This news release describes two studies published in the New England Journal of Medicine that looked at the benefit of using the drug mepolizumab to treat chronic obstructive pulmonary disease (COPD) patients who had an eosinophilic phenotype — an unusual proportion of eosinophils cells in the blood. Patients with a higher level of eosinophils face more frequent flare-ups that can send them to the hospital or emergency room. The release does a number of things well. It provides some numerical data to back up its claims of efficacy and does a good job of disclosing the commercial interests involved in funding the study. However, the release doesn’t mention the high cost of the drug or any possible side effects of its use. Moreover, the most useful information about the extent of the benefit provided is buried toward the bottom of the release. Although the release touts these benefits as “statistically significant,” it is unclear if the modest differences between groups would be meaningful to most patients.
COPD is a chronic inflammation of the lungs that seriously compromises breathing in these patients. An estimated 40 percent of COPD patients have an eosinophilic phenotype that has limited their successful treatment in the past. Since there is no cure for COPD, improvements in its treatment can mean a substantive improvement in the quality of life for patients coping with the disease. If a new drug approach shows promise in treating the disease, then it could be a step forward for patients and a new tool for healthcare providers.
There is no mention of the costs of the drug mepolizumab in the news release. An online search reveals that the price for the drug can run from $2,800 to $4,200 per vial (a one month’s supply). Given that the drug appears effective only with some COPD patients, and its considerable price, readers would benefit from having this information, as well as perhaps the costs of standard therapies for COPD (triple inhalers and corticosteroids) which might still be needed by these patients.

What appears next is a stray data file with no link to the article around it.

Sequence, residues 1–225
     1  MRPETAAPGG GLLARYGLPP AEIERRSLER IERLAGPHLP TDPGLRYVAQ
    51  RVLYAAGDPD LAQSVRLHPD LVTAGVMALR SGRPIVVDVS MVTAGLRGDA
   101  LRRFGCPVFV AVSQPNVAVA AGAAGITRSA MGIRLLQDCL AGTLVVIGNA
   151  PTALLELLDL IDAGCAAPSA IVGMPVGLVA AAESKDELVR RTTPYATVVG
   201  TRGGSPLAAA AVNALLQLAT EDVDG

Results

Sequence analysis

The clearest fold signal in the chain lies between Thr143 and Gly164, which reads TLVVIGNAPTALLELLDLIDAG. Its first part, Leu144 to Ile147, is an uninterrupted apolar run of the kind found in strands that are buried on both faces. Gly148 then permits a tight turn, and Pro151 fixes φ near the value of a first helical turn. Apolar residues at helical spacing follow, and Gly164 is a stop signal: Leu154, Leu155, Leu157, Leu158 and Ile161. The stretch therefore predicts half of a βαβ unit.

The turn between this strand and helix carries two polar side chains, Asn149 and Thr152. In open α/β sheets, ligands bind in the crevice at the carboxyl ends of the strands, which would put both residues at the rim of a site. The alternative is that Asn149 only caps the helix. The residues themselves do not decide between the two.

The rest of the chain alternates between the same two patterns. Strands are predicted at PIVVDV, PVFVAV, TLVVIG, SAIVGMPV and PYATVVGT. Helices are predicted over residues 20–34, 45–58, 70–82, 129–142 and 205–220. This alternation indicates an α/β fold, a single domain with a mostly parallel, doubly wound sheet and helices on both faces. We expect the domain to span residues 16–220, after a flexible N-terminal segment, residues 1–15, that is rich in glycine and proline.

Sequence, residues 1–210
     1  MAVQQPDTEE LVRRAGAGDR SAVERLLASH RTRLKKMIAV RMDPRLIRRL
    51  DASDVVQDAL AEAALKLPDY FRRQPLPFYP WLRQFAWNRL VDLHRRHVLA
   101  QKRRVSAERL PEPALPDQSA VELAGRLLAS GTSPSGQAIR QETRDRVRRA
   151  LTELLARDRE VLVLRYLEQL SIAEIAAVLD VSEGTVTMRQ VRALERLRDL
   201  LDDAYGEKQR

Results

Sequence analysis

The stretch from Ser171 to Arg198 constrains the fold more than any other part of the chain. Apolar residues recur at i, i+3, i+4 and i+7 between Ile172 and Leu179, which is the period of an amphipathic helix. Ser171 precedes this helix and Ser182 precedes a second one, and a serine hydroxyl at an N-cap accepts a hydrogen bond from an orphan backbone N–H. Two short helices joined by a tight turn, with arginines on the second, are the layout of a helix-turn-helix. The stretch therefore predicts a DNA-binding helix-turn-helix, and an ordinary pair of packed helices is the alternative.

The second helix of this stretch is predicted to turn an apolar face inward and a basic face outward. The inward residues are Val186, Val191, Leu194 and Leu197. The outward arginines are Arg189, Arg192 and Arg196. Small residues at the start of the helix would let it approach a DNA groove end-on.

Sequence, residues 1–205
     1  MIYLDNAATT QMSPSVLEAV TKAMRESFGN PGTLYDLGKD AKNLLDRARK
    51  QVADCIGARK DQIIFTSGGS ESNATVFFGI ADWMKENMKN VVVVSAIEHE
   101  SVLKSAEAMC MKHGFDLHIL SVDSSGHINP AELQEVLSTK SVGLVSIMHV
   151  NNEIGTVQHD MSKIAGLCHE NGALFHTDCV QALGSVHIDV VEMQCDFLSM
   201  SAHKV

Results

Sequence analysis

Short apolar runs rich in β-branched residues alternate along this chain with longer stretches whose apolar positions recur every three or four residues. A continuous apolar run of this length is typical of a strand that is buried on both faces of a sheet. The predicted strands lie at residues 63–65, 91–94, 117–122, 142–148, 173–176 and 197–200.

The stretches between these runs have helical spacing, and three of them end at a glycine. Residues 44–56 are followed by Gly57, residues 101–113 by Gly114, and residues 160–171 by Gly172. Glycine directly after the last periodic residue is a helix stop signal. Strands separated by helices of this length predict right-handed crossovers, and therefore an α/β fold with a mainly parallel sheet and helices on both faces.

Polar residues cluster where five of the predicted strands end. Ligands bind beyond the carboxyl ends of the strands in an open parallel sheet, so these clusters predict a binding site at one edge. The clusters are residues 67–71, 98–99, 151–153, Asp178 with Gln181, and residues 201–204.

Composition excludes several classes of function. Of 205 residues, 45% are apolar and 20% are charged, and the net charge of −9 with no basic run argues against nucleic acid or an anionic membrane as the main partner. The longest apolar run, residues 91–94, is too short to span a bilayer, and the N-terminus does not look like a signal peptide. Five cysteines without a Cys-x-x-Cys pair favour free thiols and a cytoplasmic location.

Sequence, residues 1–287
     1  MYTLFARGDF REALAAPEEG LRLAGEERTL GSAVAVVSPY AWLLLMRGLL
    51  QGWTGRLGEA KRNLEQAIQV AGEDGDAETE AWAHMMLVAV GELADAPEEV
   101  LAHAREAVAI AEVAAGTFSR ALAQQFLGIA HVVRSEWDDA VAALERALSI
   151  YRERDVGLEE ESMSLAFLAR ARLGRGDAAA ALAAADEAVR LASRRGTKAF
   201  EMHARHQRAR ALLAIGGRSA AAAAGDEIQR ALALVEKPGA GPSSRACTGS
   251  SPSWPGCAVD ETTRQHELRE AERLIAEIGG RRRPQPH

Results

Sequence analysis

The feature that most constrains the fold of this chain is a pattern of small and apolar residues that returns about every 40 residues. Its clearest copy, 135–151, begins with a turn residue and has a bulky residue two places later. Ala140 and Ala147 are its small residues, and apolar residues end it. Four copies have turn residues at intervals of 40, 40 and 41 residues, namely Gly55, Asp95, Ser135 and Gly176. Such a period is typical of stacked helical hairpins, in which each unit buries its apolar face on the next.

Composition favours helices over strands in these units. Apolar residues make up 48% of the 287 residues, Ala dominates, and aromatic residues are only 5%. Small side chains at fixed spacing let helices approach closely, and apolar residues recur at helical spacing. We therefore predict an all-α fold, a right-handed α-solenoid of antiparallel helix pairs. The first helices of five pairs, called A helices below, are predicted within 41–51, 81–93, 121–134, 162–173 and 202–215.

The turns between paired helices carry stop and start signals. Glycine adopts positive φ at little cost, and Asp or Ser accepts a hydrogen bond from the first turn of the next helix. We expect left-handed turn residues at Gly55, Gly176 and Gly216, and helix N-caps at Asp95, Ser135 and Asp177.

The primary endpoint of the studies was to reduce the number of flare-ups that sent COPD patients either to the hospital or to the emergency room.
The release reports on the findings of two studies looking at the usefulness of the drug in a subset of COPD patients. For the METREX trial, which enrolled 837 volunteers for one year, it says, “The patients with high eosinophil counts who received mepolizumab had a statistically significant 18 percent lower rate of moderate/severe exacerbations (1.4 per year compared to 1.7 per year) than those in the placebo group.”
It’s not clear what a difference in exacerbation rate of 0.3 per year really means. Does this mean that each person will get one less exacerbation about every 3 years? That doesn’t sound like much of a difference.
For the METREO trial, the release said, “the exacerbation rate was reduced by 20 percent in the high eosinophil group after 100 milligrams of mepolizumab. The METREO results narrowly missed statistical significance.”
The release doesn’t describe any possible side effects from the use of mepolizumab, even though there are several. They include headaches, back pain, fatigue and flu symptoms, urinary tract infections, abdominal pain, itching, eczema, and muscle spasms.
To its credit the release does say that the side effects encountered from the drug and the placebo were similar. “The safety profile of mepolizumab did not differ from placebo in either trial,” it says.
We’ll give the release a satisfactory in this category since it describes both studies as phase 3, randomized, placebo-controlled, double-blind, parallel group trials.
While it deals with a subgroup of COPD patients, the focus on subgroups here is appropriate since the researchers are pre-specifying that a subgroup will be studied, separate from simply looking for subgroups within a larger study.
No disease mongering here.
The release identifies GlaxoSmithKline as the funder of both trials and names numerous GSK employees as authors of the study. The latter makes it possible that the biases could have been introduced in the writing process.
The news release notes the standard treatments for COPD are “triple inhaled therapy” including bronchodilators and glucocorticoids.
The release gets a satisfactory in this category since it mentions that the drug maker intends to seek FDA approval for its use in this type of patient, a fact that suggests to readers that it isn’t currently available to patients.
The release claims that the study showed that eosinophilic inflammation plays a role in flare-ups in COPD, that mepolizumab provides “a new treatment option for patients with treatment-resistant, moderate to severe COPD,” and that the study identified a potential biomarker for the disease.
If this research proves that the drug mepolizumab is effective in these patients, then surely it is novel enough for a news release, but the results would require a larger confirmatory study to assure that.
No unjustifiable language is used in this news release.